Hurray for Blue Tits!!
(No! Not THOSE kind of… oh, never mind!)
Could they be the key to solving a serious British environmental problem?
(THIS kind!! )
Yes, bird-watchers and tree huggers, the geeks and nerdlings over at the Centre for Ecology & Hydrology have uncovered the wonderful truth about blue tits.
(A bird feeder sporting a nice pair of British blue tits)
The article begins, “Blue tits, a familiar garden bird, could be the salvation of our imperiled conker trees (horse-chestnut trees), which are under severe attack by a tiny non-native moth that has spread from continental Europe.”
Yes, the foreign illegal alien moth arrived in London just ten years ago, and has since spread across most of England and Wales. The moth caterpillars eat the leaves while hiding inside them, so damaging the leaves and causing them to turn brown and making the tree appear as if autumn has come early.
(Horse Chestnut Leaf-miner Cameraria ohridella. [Photo © Ian Kimber])
Experts at the NERC Centre for Ecology & Hydrology (CEH) and the University of Hull are asking today (August 30, 2012) for the public’s help to find out how many moth caterpillars are eaten by birds, such as blue tits. They are asking volunteers to check leaves from a horse chestnut tree for the distinctive damage caused by the birds to the leaf mines and report it through the Conker Tree Science website.
(Damaged horse chestnut leaf, showing whitish leaf mines )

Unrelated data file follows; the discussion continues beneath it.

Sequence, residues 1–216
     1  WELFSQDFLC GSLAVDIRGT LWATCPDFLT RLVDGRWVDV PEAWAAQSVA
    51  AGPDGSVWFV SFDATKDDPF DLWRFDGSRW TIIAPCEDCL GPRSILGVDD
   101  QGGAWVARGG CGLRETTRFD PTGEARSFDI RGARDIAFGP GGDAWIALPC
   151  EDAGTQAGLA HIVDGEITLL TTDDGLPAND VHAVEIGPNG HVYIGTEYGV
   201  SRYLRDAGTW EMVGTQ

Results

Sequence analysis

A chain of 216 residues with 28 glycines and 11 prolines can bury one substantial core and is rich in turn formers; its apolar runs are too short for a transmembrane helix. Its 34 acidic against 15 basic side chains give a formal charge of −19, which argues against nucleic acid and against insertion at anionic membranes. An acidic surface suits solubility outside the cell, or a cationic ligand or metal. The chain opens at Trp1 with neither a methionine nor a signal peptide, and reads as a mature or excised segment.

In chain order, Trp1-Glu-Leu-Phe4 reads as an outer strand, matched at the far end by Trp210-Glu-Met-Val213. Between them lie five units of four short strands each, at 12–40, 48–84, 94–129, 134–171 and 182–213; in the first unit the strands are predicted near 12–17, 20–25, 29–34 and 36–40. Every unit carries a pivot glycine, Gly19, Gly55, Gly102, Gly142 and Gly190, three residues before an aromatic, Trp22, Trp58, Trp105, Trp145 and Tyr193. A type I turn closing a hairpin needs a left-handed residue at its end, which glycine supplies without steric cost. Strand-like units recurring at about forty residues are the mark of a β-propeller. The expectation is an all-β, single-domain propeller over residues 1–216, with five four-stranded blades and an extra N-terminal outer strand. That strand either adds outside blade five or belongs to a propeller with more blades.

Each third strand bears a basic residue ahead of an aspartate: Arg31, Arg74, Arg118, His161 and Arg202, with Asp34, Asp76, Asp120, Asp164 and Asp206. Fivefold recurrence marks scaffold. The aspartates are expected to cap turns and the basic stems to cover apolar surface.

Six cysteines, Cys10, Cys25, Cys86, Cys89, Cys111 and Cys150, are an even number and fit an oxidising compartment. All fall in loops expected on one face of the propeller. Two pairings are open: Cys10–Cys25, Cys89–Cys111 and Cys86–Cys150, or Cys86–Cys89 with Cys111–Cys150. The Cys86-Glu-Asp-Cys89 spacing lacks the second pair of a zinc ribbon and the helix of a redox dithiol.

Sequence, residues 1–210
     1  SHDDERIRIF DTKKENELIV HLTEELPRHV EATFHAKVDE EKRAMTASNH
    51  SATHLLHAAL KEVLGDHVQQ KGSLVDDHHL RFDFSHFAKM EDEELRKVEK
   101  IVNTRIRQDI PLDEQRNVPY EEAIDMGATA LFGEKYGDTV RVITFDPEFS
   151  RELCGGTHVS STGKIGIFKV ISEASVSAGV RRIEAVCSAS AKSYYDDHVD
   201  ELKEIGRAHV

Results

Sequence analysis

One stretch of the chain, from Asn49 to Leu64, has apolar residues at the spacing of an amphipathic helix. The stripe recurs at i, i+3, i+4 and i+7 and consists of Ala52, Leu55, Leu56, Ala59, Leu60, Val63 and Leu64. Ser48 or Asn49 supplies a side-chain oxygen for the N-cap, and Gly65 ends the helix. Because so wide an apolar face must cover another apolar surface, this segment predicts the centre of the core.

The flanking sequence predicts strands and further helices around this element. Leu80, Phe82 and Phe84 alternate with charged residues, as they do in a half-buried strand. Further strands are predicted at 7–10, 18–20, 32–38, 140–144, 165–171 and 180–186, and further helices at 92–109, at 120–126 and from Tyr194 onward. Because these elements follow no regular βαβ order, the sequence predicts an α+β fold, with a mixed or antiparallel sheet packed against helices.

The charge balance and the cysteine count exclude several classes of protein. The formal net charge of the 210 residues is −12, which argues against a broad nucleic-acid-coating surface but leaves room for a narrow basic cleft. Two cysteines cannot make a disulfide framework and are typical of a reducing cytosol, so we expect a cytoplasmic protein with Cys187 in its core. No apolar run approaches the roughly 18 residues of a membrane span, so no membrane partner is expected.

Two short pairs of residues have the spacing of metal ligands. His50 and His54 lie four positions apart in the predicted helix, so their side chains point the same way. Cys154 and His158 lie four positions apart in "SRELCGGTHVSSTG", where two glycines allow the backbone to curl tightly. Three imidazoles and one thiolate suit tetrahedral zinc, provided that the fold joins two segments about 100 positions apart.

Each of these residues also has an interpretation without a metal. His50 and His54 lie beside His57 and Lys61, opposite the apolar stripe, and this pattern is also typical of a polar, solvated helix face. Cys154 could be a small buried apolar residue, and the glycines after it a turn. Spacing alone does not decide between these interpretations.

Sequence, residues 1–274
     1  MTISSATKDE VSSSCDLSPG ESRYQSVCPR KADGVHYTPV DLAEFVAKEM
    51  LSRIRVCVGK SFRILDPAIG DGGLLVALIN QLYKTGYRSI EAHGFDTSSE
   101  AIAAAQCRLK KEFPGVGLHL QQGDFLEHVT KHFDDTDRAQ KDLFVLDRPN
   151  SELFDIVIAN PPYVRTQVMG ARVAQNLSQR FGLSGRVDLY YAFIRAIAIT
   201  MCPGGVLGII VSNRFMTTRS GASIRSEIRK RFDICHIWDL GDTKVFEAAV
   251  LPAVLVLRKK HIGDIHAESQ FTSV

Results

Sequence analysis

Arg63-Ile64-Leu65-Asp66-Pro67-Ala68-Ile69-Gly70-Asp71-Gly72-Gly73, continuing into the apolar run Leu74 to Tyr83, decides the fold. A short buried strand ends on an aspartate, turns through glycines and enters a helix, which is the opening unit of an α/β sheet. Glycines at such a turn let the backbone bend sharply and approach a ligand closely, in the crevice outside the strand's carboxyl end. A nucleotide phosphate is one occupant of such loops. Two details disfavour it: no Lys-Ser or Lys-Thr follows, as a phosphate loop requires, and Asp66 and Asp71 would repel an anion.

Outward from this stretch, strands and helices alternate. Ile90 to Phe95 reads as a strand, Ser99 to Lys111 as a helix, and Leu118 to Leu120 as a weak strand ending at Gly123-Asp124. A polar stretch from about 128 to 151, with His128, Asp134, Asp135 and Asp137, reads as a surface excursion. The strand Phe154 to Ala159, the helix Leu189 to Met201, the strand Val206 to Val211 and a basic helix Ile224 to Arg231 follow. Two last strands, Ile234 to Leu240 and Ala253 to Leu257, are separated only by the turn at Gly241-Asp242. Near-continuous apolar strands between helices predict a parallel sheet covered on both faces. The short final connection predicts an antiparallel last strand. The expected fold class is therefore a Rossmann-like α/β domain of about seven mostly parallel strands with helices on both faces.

Dr Michael Pocock, from CEH, said, “It’s a big mission and we’re reliant on people’s help to discover how much birds are feeding on the alien moths.”
Dr Darren Evans from the University of Hull added, “In discovering whether garden birds, like blue tits, can help to protect conker trees, we will also be learning more about the behaviour of the birds themselves.”
The alien moth, which was discovered in the 1980s, has caterpillars that live inside the leaves, forming distinctive patches of damage called “leaf mines”. Up to 700 leaf mines have been recorded on a single leaf and the damage caused by large numbers of larvae can be striking. A previous Conker Tree Science mission discovered that predatory wasps were not effectively controlling the alien moths, possibly explaining their rapid spread.
(Signs of a bird attack on the leaf mine home of the moth )
This project, where anyone can get involved with genuine scientific research, is one of the largest of its kind in the UK and is funded by the Natural Environment Research Council (NERC).
Find out more by visiting the Conker Tree Science project’s website. People in Britain can take part in the new “Bird Attack” mission from August 20 to September 23, 2012.
Let’s keep those cute blue tits up front in our battle against these pesky moths!
 A blue tit in front of horse-chestnut leaves that are covered with brown patches of damage caused by the caterpillars of the leaf mining moths. (Photo Credit: Richard Broughton/CEH)
  Photo credit: Dr Michael Pocock/CEH
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